On September 29, 2011, China launched its first experimental space station called Tiangong-1 (“Heavenly Palace”). During its operational lifetime of two years, the space station was visited by three Shenzhou spacecraft, demonstrating three successful dockings, first two unmanned missions in November 2011 (Shenzhou 8) and June 2012 (Shenzhou 9), followed by one manned mission in June 2013 (Shenzhou 10).
The space station is of cylindrical shape with a length of 10.4 m and an overall diameter of up to 3.4 m. There are two solar panels attached with a total cross-section of approximately 35 m². The station consists of two sections: a service module (for power generation, attitude/orbit control, telecommunications, etc.), and a pressurized habitat equipped with the docking system. The total mass of the space station is in the order of 8.5 metric tons.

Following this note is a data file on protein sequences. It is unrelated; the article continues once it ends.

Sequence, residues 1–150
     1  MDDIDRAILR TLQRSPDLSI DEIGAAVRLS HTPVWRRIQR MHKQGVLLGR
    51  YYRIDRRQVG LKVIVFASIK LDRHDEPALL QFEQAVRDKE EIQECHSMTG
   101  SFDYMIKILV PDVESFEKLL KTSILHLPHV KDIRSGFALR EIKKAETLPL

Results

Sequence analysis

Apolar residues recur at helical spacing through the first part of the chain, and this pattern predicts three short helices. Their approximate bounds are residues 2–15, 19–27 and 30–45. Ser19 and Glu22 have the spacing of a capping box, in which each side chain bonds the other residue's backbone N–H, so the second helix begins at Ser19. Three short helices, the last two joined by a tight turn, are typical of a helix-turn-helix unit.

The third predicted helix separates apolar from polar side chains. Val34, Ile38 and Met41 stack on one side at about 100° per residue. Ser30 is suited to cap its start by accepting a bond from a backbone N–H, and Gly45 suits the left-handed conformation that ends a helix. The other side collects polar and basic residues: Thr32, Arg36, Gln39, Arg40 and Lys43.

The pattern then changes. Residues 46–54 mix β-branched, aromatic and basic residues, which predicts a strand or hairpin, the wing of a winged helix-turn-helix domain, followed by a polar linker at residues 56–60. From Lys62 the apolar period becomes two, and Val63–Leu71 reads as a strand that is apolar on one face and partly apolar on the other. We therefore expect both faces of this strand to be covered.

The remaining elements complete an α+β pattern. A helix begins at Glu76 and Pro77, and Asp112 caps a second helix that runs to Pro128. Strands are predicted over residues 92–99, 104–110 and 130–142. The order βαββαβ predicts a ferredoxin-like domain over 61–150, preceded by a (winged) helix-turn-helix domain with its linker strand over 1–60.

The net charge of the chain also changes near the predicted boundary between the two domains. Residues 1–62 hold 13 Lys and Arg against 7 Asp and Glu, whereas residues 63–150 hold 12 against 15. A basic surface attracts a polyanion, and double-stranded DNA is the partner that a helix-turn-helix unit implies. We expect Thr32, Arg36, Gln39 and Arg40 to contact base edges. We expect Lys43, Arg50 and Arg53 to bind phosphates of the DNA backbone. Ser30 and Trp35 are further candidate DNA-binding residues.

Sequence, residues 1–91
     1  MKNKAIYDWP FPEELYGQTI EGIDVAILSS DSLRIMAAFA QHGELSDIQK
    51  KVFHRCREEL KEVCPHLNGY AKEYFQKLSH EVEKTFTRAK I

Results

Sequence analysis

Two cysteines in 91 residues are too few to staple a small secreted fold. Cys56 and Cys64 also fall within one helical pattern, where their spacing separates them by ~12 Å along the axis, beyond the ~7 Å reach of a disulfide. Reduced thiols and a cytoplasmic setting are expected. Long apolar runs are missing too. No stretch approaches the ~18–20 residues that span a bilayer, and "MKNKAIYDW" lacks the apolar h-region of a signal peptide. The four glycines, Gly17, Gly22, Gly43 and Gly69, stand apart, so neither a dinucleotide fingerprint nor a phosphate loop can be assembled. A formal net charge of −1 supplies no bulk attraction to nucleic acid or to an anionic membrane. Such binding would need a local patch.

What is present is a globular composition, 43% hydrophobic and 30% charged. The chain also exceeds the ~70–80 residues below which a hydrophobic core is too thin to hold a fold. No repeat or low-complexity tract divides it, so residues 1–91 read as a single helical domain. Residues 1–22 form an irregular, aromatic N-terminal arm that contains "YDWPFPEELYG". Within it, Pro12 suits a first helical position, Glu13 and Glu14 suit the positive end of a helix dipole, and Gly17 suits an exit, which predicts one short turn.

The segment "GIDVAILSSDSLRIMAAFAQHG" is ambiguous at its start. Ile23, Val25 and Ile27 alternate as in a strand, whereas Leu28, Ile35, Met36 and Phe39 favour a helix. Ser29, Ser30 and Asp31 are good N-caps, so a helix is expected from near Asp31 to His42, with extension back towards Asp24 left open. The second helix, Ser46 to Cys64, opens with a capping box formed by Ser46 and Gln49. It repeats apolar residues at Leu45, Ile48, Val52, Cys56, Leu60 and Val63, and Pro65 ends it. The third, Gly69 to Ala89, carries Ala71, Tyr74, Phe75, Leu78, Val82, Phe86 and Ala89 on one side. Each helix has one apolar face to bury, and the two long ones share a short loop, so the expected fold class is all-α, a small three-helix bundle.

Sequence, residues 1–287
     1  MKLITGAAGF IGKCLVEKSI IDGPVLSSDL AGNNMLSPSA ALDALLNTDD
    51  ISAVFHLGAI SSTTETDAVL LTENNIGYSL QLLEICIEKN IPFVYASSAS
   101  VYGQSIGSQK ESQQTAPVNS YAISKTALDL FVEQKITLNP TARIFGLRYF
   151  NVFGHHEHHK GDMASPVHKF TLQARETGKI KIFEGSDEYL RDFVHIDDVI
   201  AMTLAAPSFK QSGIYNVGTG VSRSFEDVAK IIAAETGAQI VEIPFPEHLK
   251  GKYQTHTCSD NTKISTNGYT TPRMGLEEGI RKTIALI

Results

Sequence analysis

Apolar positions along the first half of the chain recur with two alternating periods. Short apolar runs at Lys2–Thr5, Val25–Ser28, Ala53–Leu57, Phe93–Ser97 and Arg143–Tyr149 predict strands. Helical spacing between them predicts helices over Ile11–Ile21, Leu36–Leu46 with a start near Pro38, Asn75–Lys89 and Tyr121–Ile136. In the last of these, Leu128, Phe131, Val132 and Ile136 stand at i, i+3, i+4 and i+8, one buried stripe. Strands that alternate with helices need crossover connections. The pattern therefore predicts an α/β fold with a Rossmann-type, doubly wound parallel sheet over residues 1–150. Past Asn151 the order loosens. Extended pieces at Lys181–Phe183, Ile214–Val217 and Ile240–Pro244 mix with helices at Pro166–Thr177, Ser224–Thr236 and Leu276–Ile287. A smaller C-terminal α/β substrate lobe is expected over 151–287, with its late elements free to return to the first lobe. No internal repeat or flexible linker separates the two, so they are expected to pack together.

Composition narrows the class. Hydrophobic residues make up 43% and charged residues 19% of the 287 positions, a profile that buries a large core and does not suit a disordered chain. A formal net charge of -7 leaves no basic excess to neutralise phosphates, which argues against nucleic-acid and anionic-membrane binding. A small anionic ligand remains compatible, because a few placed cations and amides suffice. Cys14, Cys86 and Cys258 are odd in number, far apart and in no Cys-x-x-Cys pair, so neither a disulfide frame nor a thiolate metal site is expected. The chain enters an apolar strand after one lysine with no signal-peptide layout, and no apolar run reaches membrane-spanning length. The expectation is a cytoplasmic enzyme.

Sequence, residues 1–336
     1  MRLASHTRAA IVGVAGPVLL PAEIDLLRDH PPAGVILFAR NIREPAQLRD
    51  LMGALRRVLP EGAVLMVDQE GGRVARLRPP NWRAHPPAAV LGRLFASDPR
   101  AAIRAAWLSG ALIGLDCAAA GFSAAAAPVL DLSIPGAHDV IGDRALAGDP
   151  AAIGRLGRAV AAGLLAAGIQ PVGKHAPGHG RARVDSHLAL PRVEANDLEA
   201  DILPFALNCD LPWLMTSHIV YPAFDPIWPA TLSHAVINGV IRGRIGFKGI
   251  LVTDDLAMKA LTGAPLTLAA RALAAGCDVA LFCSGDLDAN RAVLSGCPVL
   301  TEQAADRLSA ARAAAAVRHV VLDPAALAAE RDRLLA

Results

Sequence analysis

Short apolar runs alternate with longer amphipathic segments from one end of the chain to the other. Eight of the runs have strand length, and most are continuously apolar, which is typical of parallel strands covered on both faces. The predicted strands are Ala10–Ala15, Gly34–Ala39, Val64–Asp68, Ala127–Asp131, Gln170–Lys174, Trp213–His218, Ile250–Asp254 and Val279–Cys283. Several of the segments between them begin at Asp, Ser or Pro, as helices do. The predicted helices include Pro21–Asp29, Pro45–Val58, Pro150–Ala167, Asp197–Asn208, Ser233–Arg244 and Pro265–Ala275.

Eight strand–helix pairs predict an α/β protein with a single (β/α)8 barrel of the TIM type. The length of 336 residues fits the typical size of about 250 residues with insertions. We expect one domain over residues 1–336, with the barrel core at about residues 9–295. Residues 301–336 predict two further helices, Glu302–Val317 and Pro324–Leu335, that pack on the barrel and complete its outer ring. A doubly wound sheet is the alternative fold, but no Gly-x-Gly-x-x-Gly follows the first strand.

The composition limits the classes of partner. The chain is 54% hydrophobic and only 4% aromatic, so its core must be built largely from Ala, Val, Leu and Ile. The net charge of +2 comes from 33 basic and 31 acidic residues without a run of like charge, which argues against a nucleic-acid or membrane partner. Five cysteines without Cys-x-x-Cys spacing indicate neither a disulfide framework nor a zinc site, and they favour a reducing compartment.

The original plans were to deorbit Tiangong-1 in 2013, leading to a controlled re-entry over uninhabited areas of the Earth in order to avoid an undue risk to people on the ground caused by surviving fragments. Instead, the orbit of Tiangong-1 was regularly raised during the last three years. The last re-orbit maneuver was executed in December 2015.
On March 23, 2016, the Manned Space Engineering Office of China announced that Tiangong-1 had ceased operations. This will potentially lead to an uncontrolled re-entry in the second half of 2017, if no controlled re-entry maneuver is performed until about mid of 2017.
The size, mass, and materials of Tiangong-1 make a complete demise during re-entry impossible. Up to 40% of dry mass is expected to survive (>3 metric tons). The casualty risk is currently estimated to be in the order of 1:1,000, which is ten times higher than the risk limit considered as acceptable on international level.